Friday, November 27, 2009

It's no wonder they all think we're crazed nut jobs . . .

Earlier, I wrote a short post on the actress, Kristen Chenoweth, who is sometimes presented as Christianity's public face.

Tonight, I caught a few moments of Sean Hannity's recent interview with Carrie PreJean, being rebroadcast tonight. Here is the relevant portion from the Foxnews website:

HANNITY: And one of the things that you do in this book that I like in the book is you really address young girls, and you try to maybe counsel them and advise them. What do you tell young girls that, you know, have these boyfriends, their first loves, like this was, I guess one of your first boyfriends?

PREJEAN: Yes. Yes.

HANNITY: You really were close to him. Now it's been a big betrayal. What do you tell young girls?

PREJEAN: Be careful. Nothing is private any more. Nothing is private. With Facebook, with MySpace, with all that going on, I mean, you have to be so careful. In my last chapter of my book I give, you know, advice to young women and just to people in general, that you know, I'm not perfect. I make mistakes, just like all of us make mistakes. And you know, this book has been so great for me to share with other people what happened, because I do share. I do share what really happened. And people have heard bits and pieces of, you know, the liberal media's version of it. But basically, it's for Americans who believe their beliefs are under attack.

That's it -- be careful? No -- it's sinful and I'm a Christian, I shouldn't have done it at all? No -- it was sinful, I have asked God for forgiveness and I repent?

This is what the media, even big names like the Roman Catholic Sean Hannity, present us with as the public face of Christianity. This is the sort of Christian we are told is normal and good and right and acceptable.

And we don't, at least most of us, don't bat an eyelid. Ho Humm. "Well, she's a bit more liberal than I am, but she seems to be a nice girl. She's awfully pretty and she did say right things about marriage at the contest." That's largely been our response.

And then we wonder why we get marginalized as nut-jobs when we dare squeak out a defense of genuine, orthodox Christianity?

Wednesday, November 25, 2009

The Martyrdom of the Intellectual

From my dear friend, Tony Esolen. I hope it encourages you as it does me:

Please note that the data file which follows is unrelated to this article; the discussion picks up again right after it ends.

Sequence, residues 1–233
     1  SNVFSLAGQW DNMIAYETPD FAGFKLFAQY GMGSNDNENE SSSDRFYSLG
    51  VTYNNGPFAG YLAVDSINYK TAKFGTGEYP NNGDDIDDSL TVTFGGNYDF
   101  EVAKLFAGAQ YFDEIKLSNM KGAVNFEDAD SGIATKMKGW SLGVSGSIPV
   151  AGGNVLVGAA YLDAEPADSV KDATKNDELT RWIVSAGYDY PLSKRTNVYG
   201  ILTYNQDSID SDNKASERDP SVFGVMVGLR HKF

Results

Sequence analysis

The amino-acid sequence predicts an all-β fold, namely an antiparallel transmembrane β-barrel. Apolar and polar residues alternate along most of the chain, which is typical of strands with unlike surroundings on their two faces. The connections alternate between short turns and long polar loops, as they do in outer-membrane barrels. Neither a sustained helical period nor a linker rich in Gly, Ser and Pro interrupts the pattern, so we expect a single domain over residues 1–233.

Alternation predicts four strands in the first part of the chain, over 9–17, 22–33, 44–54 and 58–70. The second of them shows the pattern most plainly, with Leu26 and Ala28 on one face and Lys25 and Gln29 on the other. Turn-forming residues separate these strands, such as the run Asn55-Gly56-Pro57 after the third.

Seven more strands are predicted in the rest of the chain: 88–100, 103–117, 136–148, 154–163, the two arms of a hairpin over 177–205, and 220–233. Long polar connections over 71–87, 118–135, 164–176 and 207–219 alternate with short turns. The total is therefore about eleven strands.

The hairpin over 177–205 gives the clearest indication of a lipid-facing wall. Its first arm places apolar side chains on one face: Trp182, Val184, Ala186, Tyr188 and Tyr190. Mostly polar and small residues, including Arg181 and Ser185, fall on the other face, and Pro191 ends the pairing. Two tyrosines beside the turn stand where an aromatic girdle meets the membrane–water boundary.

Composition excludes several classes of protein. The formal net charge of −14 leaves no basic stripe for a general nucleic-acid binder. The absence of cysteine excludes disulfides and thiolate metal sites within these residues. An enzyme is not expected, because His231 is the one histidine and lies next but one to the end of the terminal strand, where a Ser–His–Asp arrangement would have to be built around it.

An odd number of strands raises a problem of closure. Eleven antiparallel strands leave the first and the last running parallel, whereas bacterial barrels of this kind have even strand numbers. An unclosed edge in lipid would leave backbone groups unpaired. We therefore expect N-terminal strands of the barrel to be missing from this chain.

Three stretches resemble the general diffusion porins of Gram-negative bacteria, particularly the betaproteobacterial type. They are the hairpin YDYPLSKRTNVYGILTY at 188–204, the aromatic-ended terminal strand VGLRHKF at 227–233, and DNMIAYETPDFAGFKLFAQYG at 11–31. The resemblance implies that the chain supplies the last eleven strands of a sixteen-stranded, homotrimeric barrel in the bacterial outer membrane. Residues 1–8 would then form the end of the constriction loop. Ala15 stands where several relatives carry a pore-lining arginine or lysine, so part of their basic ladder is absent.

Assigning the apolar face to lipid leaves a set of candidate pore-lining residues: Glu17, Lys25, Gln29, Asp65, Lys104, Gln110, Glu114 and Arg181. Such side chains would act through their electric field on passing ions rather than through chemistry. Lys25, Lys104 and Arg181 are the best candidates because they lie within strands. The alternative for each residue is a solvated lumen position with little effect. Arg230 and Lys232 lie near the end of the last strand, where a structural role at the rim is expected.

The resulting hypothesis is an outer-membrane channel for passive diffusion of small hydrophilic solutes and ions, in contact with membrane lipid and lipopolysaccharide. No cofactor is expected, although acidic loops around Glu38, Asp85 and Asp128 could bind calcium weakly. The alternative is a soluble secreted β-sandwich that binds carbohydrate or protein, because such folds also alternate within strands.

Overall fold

The Martyrdom of the Intellectual

Today, Roman Catholics commemorate the deaths of Andrew Dung-Lac and his companions, who were martyred in a wave of persecution in nineteenth century Vietnam. I am always stirred by stories of the martyrs, wondering whether I too would prove willing to take a bullet in the head, or something far worse, rather than keep silent about my faith in Jesus. It requires fortitude, one of the gifts of the Holy Spirit; but also, in most cases, perseverance, and that may be a rarer and more precious gift still. Which reminds me of a passage I read recently in Josef Pieper's Faith, Hope, Love, to the effect that Thomas placed those who sally forth in intellectual battles for the faith alongside the martyrs of blood. Thomas' reasoning was that those fighters too require great courage. They must not only preach the truth; they must wade into the marshes where errors lurk, and confront them directly, discovering in them what truth they distort, and separating it from the distortion, and, in general, to use St. Paul's bracing admonition, quitting themselves like men.

I confess that I'm far from that martyrdom -- and that may explain my sometimes wistful admiration for the martyrs of blood, who seem to have had the more terrible battle, but also the clearer battle. Meanwhile, I see young apologists for the faith going forth to brave the dragons in their lairs -- may God increase their number! May the Lord who teaches our fingers to fight bestow upon them his Spirit of wisdom, to thresh out falsehood and unfold the truth. Give us the signal, unsurpassable Commander! We cannot each of us fight across the whole of the field, but what we can do, give us the heart to do, that we may bear upon our hearts, if not our limbs, the scars of nobility.

Two questions